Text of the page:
Gestalt Therapy

Gestalt Therapy is an existential/experiential form of psychotherapy that emphasizes personal responsibility, and that focuses upon the individual’s experience in the present moment,

Gestalt Therapy is an existential/experiential form of psychotherapy that emphasizes personal responsibility, and that focuses upon the individual’s experience in the present moment, the therapist–client relationship, the environmental and social contexts of a person’s life, and the self-regulating adjustments people make as a result of their overall situation.

Gestalt therapy was developed by Fritz PerlsLaura Perls and Paul Goodman in the 1940s and 1950s, and was first described in the 1951 book Gestalt Therapy.

Gestalt therapy is a Humanistic approach to psychotherapy that helps clients focus on Gestalt therapy focuses on process (what is actually happening) over content (what is being talked about). The emphasis is on what is being done, thought, and felt at the present moment (the phenomenality of both client and therapist), rather than on what was, might be, could be, or should have been. Instead of simply talking about past situations, clients are encouraged to experience them, perhaps through re-enactment. Through the gestalt process, clients learn to become more aware of how their own negative thought patterns and behaviours are blocking true self-awareness and making them unhappy.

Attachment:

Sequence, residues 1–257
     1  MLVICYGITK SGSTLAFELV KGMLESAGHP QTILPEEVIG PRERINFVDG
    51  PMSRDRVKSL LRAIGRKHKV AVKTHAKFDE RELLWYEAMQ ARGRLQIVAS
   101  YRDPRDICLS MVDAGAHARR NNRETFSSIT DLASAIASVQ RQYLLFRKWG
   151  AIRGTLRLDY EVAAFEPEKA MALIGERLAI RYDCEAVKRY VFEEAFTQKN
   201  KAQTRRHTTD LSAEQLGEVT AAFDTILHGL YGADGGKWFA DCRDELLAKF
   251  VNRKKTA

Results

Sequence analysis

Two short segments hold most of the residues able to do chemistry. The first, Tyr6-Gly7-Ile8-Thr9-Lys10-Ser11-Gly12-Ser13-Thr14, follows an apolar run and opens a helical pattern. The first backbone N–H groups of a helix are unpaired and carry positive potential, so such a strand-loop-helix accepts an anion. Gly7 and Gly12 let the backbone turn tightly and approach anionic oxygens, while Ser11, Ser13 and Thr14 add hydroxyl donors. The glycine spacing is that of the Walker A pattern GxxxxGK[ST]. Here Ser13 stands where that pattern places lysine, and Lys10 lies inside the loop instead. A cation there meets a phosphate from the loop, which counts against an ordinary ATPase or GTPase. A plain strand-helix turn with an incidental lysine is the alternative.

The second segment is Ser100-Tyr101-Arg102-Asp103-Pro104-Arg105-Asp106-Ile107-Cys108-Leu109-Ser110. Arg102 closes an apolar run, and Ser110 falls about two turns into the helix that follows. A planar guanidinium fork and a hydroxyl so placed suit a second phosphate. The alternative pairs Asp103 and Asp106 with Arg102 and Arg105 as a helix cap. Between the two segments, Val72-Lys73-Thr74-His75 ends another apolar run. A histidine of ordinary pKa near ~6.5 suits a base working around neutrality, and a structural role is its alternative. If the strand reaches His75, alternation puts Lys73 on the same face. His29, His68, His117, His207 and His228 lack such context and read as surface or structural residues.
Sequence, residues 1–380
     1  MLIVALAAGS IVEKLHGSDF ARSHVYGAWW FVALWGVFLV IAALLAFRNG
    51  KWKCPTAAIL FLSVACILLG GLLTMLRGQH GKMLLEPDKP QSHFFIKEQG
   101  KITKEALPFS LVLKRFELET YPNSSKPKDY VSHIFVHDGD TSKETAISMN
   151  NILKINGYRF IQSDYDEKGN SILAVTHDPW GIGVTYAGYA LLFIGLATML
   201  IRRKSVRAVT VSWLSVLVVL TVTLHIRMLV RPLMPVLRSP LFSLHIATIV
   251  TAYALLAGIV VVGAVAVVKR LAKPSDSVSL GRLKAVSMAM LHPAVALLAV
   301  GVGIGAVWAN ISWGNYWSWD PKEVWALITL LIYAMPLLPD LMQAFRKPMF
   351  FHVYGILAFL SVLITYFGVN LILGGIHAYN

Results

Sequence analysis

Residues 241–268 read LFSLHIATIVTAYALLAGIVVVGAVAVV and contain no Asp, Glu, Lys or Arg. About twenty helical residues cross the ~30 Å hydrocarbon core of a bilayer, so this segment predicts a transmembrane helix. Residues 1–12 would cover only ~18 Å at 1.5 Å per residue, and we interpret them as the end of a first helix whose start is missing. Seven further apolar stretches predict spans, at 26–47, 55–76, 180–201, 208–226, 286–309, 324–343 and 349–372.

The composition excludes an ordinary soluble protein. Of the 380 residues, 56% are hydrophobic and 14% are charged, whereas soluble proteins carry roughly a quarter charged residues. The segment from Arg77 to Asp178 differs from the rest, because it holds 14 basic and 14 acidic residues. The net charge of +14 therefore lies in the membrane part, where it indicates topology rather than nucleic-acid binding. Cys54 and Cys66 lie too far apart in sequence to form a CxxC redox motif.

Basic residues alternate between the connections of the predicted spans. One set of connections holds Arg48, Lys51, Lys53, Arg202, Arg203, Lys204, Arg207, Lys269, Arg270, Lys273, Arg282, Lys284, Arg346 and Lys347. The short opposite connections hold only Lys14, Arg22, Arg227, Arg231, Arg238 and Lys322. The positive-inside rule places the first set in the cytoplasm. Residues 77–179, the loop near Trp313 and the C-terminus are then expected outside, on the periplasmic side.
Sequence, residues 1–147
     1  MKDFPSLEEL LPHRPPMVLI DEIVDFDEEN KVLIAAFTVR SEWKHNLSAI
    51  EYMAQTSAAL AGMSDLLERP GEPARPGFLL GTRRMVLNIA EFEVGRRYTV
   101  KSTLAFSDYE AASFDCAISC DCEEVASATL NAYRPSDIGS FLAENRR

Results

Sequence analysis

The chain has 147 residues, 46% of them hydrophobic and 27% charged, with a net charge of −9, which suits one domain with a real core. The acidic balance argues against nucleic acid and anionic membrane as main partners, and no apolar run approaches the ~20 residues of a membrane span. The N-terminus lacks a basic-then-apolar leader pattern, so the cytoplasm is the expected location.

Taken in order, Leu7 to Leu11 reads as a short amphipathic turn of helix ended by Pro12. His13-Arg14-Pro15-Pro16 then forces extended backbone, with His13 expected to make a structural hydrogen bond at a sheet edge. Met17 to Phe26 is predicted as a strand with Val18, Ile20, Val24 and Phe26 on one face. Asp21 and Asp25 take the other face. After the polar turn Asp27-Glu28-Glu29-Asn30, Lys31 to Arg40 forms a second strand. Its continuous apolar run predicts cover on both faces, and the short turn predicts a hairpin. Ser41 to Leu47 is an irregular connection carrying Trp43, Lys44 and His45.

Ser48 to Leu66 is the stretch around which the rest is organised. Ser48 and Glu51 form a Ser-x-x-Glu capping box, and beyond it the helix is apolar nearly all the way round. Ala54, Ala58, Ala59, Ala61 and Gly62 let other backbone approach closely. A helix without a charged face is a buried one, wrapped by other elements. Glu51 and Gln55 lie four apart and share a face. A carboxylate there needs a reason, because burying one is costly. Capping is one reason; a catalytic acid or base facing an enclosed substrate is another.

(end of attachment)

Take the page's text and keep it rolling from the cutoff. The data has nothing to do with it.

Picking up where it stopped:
Gestalt therapy is a method of awareness practice (also called “mindfulness” in other clinical domains), by which perceiving, feeling, and acting are understood to be conducive to interpreting, explaining, and conceptualizing (the hermeneutics of experience). This distinction between direct experience versus indirect or secondary interpretation is developed in the process of therapy. The client learns to become aware of what he or she is doing and that triggers the ability to risk a shift or change.

The objective of Gestalt therapy is to enable the client to become more fully and creatively alive and to become free from the blocks and unfinished business that may diminish satisfaction, fulfillment, and growth, and to experiment with new ways of being

Change requires an acceptance of the individual as a whole, including accepting those parts that they would rather disown. The paradox is that by giving up trying to change, change and growth will occur naturally through a process of ongoing awareness, contact and assimilation.

Gestalt and the ‘Paradoxical Theory of Change’

Paradoxical theory of change is at the core of the Gestalt therapy change theory. The paradox is that the more one tries to be who one is not, the more one stays the same. The underlying principle is that when people identify with their whole self and acknowledge whatever arises at that moment, the conditions for wholeness and growth are created.  When people do not identify with parts of themselves, inner conflict is created.

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